{21} In other jurisdictions, the BAC creates a rebuttable presumption of DWI, with the relation-back question left to the weight, not the admissibility of the evidence, as long as the test is taken within a reasonable period of time. See State v. Kubik, 235 Neb. 612, 456 N.W.2d 487, 501 (1990); State v. Taylor, 132 N.H. 314, 566 A.2d 172, 175-76 (1989). At least one state makes a-BAC, obtained within a reasonable time after the defendant was driving, a conclusive presumption of DWI and expressly prohibits the introduction of relation-back evidence by either the prosecution or defense. See State v. Tischio, 107 N.J. 504, 527 A.2d 388, 397 (1987).

{22} Other states, like New Mexico, allow convictions based on a subsequent BAC, and without scientific relation-back evidence, if the BAC is sufficiently corroborated by additional evidence of aberrant behavior on the part of the accused. See People v. Kappas, 120 Ill.App.3d 123, 76 Ill.Dec. 1, 458 N.E.2d 140, 144 (1983); State v. Ladwig 434 N.W.2d *711594, 595 (S.D.1989) (“ ‘[I]t is not necessary for an expert witness to extrapolate for the jury. However, ... evidence necessary to enable the court and/or the jury to extrapolate is required____(Quoting State v. McDonald, 421 N.W.2d 492, 494 n. 2 (S.D. 1988).)).

{23} New Mexico jurisprudence has already started down the path chosen in Cavanaugh, and we intend to stay the course. New Mexico has indicated that with sufficient, corroborative evidence a jury may reasonably infer that an excessive BAC reading relates back to the time of driving. That evidence is lacking in this ease.

{24} Accordingly, we conclude that the State’s evidence against Defendant was insufficient as a matter of law to sustain a guilty verdict for the per se DWI offense under Section 66-8-102(0). Having reversed Defendant’s conviction, we need not address his appellate argument that he was entitled to a directed verdict at the close of the State’s ease. See State v. Vargas, 42 N.M. 1, 4, 74 P.2d 62, 64 (1937) (“This rule is as firmly established in this jurisdiction as the Rock of Gibraltar.” Once a defendant chooses to present evidence, he waives appeal of the directed verdict.).

Defendant’s conviction for driving on divided highways, Section 66-7-319, is affirmed.

{25} Section 66-7-319, driving on divided highways, reads:

Whenever any highway has been divided into two roadways by leaving an intervening space or by a physical barrier or clearly indicated dividing section so constructed as to impede vehicular traffic, every vehicle shall be driven only upon the right-hand roadway and no vehicle shall be driven over, across or within any such dividing space, barrier or section, except through an opening in such physical barrier or dividing section or space or at a crossover or intersection established by public authority.

{26} The State’s evidence established that Officer Christian observed Defendant driving his vehicle across the median separating the easterly and westerly roadways on Interstate 40. The officer further testified that this occurred at a site that was not a duly authorized crossover or intersection. Defendant allegedly confessed to the officer that he “knew he wasn’t supposed to cross the median.”

{27} There was a pathway of some kind at or near where Defendant crossed. The testimony conflicted regarding whether Defendant actually used the pathway or just drove over the grass near the area of the pathway. Defendant argues on appeal that under the literal wording of the statute this pathway constituted an “opening” in the dividing space through which Defendant could legally cross, whether or not it was also a “crossover ... established by public authority.” Section 66-7-319. Defendant bases his argument exclusively on the wording of the statute.

{28} We need not address Defendant’s reading of the statute. The jury was instructed, without objection, on the following elements of the offense:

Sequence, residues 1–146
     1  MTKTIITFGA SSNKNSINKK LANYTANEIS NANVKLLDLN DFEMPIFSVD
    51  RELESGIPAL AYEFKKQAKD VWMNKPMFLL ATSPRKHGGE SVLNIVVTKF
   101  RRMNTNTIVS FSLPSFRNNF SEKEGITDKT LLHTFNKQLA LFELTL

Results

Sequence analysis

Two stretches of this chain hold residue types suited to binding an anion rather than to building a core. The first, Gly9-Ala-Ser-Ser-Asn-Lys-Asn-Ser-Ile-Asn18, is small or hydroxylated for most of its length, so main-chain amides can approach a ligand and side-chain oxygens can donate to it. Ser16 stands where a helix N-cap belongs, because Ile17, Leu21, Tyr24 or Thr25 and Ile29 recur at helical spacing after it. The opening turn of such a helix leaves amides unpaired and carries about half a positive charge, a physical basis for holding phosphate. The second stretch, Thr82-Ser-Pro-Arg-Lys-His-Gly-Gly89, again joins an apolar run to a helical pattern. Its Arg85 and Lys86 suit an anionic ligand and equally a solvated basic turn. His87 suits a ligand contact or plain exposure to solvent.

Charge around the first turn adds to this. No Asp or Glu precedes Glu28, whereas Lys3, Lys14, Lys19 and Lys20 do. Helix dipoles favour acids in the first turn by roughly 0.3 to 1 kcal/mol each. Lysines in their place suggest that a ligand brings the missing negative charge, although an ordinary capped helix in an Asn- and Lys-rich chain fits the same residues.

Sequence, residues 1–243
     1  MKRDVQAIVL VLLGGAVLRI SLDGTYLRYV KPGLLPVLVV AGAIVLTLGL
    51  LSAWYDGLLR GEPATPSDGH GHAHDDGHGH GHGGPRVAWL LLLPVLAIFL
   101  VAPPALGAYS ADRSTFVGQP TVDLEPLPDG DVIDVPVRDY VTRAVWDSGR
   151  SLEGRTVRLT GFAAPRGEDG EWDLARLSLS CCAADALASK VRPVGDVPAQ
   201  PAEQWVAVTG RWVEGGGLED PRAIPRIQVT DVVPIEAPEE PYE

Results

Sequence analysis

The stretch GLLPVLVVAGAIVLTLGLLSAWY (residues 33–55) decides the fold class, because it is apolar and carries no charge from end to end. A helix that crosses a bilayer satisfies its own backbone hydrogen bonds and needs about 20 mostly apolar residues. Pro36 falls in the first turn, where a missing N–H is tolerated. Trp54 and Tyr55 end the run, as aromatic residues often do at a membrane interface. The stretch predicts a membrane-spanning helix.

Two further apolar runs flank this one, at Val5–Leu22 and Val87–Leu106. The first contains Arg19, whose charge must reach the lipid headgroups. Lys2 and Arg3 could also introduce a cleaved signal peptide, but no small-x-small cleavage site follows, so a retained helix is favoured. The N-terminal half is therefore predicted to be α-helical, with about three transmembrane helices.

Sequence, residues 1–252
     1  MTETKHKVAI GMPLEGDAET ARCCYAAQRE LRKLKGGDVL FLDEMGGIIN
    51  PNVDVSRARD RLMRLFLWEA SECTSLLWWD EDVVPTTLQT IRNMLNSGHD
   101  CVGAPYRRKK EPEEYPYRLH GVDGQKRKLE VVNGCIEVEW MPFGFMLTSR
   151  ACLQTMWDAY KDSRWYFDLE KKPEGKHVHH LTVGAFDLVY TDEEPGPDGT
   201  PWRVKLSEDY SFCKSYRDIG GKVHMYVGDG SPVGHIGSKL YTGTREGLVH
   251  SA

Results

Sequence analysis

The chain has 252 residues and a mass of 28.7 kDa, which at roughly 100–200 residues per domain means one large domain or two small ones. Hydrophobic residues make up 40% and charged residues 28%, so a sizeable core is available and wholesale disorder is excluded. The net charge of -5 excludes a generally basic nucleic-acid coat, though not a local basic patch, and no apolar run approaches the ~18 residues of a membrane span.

1. The defendant was driving his vehicle on a highway divided into two roadways.
2. The defendant drove his vehicle over, across or within any dividing space, on section dividing the two roadways.
3. When so doing, the defendant did not use a crossover established by public authority.
4. This happened in Torrance County, State of New Mexico, on or about the 12th day of November, 1997.

{29} The jury instruction becomes the law of the case, and Defendant does not challenge this instruction on appeal. See State v. Riddall, 112 N.M. 78, 84, 811 P.2d 576, 582 (Ct.App.1991). Under this instruction, the State had to prove only that Defendant drove across “any dividing space” and “did not use a crossover established by public authority.” Apparently, Defendant never argued for an instruction that would include his interpretation of the statute, and we are not referred to any such request below. Based on the officer’s testimony, there was substantial evidence before the jury to support a conviction for the offense as defined in the jury instruction.

*712{30} Defendant also argues on appeal that he was entitled to a motion for a directed verdict on the basis of this same challenge to the evidence in light of the language in the statute. After his motion was denied, Defendant proceeded to present evidence in his defense. It is well-settled that a defendant who presents evidence “waive[s] his claim that the evidence at the close of the State’s case was insufficient for submission to the jury.” State v. Lard, 86 N.M. 71, 73, 519 P.2d 307, 309 (Ct.App.1974). Defendant’s directed verdict argument is frivolous. See Vargas, 42 N.M. at 4, 74 P.2d at 64.

Admission of the HGN test results.

{31} Citing State v. Torres, 1999-NMSC-010, 127 N.M. 20, 976 P.2d 20, Defendant challenges the admission of evidence pertaining to the HGN test that Officer Christian administered to him at the scene. Defendant questions the foundation for the scientific evidence offered, as well as the officer’s lack of experience, training, and education to testify regarding the reliability of the test. See State v. Alberico, 116 N.M. 156, 861 P.2d 192 (1993).

{32} There is no need to discuss Defendant’s objections in this opinion. Insofar as the HGN test results were admitted to prove DWI under Section 66-8-102(A), Defendant’s objections were rendered moot when the trial court directed a verdict on that charge. Because we are reversing Defendant’s conviction for DWI under Section 66-8-102(0) for other reasons, we need not address the propriety of the trial court admitting the HGN test into evidence.


{33} We affirm Defendant’s conviction for violating Section 66-7_IS19, driving on divided highways. We reverse Defendant’s conviction for DWI in violation of Section 66-8-102(C).